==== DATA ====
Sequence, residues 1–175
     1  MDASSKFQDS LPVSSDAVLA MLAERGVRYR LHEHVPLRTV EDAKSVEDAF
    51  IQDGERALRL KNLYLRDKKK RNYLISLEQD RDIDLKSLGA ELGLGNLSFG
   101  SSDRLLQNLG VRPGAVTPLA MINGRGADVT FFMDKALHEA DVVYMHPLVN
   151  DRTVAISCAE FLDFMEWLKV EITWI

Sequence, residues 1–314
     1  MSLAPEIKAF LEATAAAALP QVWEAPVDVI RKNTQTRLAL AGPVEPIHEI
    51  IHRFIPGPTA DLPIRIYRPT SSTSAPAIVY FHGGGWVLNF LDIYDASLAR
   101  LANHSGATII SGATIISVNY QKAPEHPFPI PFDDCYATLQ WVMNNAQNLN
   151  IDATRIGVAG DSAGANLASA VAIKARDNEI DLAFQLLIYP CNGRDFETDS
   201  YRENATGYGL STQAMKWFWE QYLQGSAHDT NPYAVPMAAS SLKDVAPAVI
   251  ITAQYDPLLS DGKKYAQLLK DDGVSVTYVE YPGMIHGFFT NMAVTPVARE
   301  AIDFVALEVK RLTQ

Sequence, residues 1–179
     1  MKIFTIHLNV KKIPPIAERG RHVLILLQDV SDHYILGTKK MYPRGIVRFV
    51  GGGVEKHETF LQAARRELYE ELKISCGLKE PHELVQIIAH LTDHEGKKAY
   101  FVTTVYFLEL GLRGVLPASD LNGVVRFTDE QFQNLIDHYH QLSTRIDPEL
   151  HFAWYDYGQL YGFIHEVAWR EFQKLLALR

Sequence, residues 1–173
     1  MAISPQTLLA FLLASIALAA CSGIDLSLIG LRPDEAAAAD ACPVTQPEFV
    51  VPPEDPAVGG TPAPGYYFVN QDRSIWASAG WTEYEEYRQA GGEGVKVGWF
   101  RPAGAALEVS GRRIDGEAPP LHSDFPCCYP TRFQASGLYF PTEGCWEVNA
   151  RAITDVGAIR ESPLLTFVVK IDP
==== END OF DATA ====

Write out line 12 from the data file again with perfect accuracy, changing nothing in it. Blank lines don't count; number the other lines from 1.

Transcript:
   251  ITAQYDPLLS DGKKYAQLLK DDGVSVTYVE YPGMIHGFFT NMAVTPVARE